In theory the Democratic Republic of the Congo (DRC) should be among the richest countries on earth. Its vast territory virtually brims with cobalt, copper, cadmium, oil, industrial and gem diamonds, coltan,gold, silver, zinc, manganese, tin, germanium, uranium, radium, bauxite, iron ore, timber, coal, and hydroelectric potential. And yet the DRC consistently ranks in the bottom ten of the Human Development Index. In its northeastern region the deadliest conflict since WWII continues to claim about 1,000 lives a day. Not inappropriately then, the name of the capital Kinshasa, where nearly 80% dwell in slums or squatter settlements, comes from the word ‘kinsasa,’ meaning “why are things happening this way?”
This series of entries on Congolese history seeks to shed some light on the reasons why. The second installment looks at the forgotten holocaust that played out between 1885 and 1908, when the equitorial rain forest became the private labor camp of a European playboy king – the so-called Congo Free State.
A rerun from dKos. This series will eventually have four parts.
In February this year a bizarre incident was reported in news media the world across: a 20-foot statue of King Léopold II (1835-1909) on horseback was reerected near Kinshasa’s central station after having spent four decades in an open-air dump. The statue was removed a few hours later, but will, according to the Culture Minister, be restored to a prominent location in a ‘grand ceremony’ sometime in the near future.
That is one way of looking at it. Another was succintly put by Richard H. Davis in his book The Congo and Coasts of Africa (1907), based on travels in the country that was then King Léopold’s personal fiefdom: “Happy is the country without a history!”
The Congo has had no such luck. As recounted in the first installment of this series, four centuries of slave trade had already left a devastating impact on the societies of the Congo at the dawn of the colonial period. Yet the worst was still to come. The historian Robert Egderton:
Who then was this tyrant of the rain forest, now to be honored with statues by the descendants of his hapless victims? Léopold II of Belgium, a first cousin of Queen Victoria known for his sly and deceitful nature, was an unlikely imperial ruler. He was, after all, the purely titular monarch of a tiny country barely four decades old, composed of two ethnic factions and faced with a constant threat of annexation by greater powers. Despite this, or perhaps rather because of it, he kept harping on the boons of overseas expansion: “[S]ince history teaches that colonies are useful, that they play a great part in that which makes up the power and prosperity of states, let us strive to get one in our turn.” But his countrymen flatly refused.
For the Parliament, colonies meant huge investments in administration, education, infrastructure, and health care, with at best uncertain prospects of return, especially as economic analysis had shown free trade to be as profitable. Leopold’s dreams of empire by purchase – buying land on Fiji and Formosa; buying lakes on the Nile and draining them out; buying an island from Argentina; buying land in China, Vietnam, and Japan; buying the Philippines – all came to nought. Until, that is, he on January 7 1876 came across a brief note on the bottom of page six in The Times, which cited the explorer Verney Lovett Cameron on the ‘unspeakable richness’ awaiting an ‘enterprising capitalist’ in the Congo.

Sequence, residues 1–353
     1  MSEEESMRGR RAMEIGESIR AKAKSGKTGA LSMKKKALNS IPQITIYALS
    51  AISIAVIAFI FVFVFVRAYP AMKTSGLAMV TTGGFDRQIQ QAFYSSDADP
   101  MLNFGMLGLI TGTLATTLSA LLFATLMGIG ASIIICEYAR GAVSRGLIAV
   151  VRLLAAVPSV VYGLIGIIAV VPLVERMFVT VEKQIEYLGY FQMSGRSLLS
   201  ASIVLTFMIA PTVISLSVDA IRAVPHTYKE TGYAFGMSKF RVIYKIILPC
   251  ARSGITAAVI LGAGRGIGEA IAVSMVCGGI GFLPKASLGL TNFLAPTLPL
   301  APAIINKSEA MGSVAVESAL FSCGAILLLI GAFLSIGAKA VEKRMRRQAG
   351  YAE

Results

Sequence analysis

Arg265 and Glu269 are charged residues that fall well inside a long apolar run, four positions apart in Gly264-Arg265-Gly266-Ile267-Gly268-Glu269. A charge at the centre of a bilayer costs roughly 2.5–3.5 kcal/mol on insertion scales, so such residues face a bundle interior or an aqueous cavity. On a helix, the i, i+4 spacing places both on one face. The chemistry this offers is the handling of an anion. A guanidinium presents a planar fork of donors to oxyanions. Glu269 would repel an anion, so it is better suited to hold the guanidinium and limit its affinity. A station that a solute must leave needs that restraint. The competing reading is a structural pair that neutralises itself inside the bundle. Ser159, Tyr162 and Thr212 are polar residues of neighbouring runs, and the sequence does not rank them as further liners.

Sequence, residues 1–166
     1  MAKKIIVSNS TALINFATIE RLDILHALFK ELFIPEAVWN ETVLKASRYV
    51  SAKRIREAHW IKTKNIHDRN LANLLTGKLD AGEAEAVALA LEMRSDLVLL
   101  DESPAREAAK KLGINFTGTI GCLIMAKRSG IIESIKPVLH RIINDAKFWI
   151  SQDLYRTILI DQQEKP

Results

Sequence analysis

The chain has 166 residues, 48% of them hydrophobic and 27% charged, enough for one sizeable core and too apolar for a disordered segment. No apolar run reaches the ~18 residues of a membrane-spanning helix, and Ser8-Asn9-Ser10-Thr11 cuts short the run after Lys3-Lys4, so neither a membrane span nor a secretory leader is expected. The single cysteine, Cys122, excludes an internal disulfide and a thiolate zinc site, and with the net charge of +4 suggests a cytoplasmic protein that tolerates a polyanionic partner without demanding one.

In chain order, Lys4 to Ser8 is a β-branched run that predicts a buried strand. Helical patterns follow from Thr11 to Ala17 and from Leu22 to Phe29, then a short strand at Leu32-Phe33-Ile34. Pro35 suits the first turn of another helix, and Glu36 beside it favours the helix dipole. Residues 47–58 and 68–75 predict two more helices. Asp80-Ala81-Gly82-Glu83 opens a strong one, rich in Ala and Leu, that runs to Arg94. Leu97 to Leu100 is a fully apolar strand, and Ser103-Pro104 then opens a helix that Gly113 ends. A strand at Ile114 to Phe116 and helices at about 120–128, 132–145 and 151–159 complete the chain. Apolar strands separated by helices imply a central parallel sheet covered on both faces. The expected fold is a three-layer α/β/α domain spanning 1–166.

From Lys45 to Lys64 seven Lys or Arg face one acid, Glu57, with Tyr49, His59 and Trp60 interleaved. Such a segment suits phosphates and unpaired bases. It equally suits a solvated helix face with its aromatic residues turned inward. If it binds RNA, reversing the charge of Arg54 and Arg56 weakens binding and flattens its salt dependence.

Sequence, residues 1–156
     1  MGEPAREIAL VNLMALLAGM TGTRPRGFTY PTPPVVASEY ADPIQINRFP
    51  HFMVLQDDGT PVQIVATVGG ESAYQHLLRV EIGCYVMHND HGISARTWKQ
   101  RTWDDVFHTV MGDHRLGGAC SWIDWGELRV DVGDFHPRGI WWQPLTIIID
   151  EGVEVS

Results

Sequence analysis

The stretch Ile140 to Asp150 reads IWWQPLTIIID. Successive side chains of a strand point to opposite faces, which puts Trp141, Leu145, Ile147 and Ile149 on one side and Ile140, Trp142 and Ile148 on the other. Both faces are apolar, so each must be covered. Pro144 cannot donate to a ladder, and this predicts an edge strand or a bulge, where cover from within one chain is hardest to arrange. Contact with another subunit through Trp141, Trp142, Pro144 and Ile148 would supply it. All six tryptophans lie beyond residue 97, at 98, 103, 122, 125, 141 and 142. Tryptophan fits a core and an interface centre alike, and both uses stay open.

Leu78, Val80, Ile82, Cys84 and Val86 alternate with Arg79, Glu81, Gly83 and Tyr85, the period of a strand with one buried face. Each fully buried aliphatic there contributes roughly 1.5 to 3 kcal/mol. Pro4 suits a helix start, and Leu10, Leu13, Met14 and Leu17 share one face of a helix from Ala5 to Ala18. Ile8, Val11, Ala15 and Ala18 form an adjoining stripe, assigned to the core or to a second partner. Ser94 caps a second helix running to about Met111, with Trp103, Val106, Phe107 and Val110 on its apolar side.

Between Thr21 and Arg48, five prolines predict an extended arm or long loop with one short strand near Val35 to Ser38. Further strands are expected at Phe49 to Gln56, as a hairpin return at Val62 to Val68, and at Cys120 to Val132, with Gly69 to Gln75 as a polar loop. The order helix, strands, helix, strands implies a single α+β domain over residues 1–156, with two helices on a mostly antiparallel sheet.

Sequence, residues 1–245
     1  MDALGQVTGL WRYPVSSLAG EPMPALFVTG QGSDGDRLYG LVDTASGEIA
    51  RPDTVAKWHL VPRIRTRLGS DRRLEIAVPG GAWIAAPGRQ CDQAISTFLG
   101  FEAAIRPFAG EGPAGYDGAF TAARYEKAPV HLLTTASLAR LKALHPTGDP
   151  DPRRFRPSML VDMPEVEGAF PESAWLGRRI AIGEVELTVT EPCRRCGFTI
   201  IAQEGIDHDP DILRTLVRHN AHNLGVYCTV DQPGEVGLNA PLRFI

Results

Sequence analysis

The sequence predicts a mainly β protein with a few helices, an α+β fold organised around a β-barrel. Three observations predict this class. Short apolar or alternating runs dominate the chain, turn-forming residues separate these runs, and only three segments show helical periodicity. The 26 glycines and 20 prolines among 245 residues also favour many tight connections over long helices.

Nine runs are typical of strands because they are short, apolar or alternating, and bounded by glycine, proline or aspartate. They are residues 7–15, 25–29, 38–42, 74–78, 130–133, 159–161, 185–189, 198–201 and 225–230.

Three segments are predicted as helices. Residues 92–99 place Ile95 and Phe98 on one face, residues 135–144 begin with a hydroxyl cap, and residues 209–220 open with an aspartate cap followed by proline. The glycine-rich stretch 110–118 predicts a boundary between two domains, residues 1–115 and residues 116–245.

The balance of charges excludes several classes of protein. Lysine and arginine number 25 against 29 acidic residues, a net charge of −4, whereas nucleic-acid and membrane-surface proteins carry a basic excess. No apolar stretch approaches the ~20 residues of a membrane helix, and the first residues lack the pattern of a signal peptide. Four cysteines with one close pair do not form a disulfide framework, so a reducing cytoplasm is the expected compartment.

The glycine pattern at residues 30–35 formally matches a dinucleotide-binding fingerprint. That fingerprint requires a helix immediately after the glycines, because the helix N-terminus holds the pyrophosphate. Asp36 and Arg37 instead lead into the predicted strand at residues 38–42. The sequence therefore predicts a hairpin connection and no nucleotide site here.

To get “a slice of this magnificent African cake,” which due to its inaccessability had still escaped European conquest, Léopold concocted a plan in three steps.
The first step came later that year as he hosted a conference in Brussels, gathering the leading explorers, scientists, and geographers of the day. Proposing to “open to civilisation the only part of our globe where it has yet to penetrate, to pierce the darkness that envelopes entire populations,” he secured the founding of an international philantropic society to be known as the ‘Association Internationale Africaine’ (AIA). Léopold became the chair and only shareholder of what was in effect a private holding company with its own flag – a bright star shining in the center of a dark blue surface – and funded by a multinational banking consortium.
The next step, undertaken in 1878, was to hire as his agent the legendary Henry M. Stanley, just returned from his epic quest for David Livingstone. Stanley had for some time been trying to interest the British government in colonizing the land he had been mapping, without success. The King’s instructions were clear: “It is not a question of Belgian colonies. It is a question of creating a new State, as big as possible, and of running it [without] granting the slightest political power to the negros. That would be absurd.” Stanley, a ruthless man considered by the notorious Tippu Tip a worse slave driver than any Arab, set to work using trinkets; even cheaper tricks like an electric handshake to suggest supernatural strength; and as a last resort, naked force. Thus he persuaded 450 chiefs to sign away their lands, and the labor of their peoples, “for all posterity.”
Five expeditions later, in 1885, the AIA had established a string of trading stations along the Congo River. The uppermost one, the ‘Inner Station’ in Joseph Conrad’s immortal novella Heart of Darkness, was located at Stanley Falls by agreement with Tippu Tip who had his own bases there. Tip, the last of the great Zanzibari slave traders, would in fact be made a district governor of the entity created by Leópold’s final step.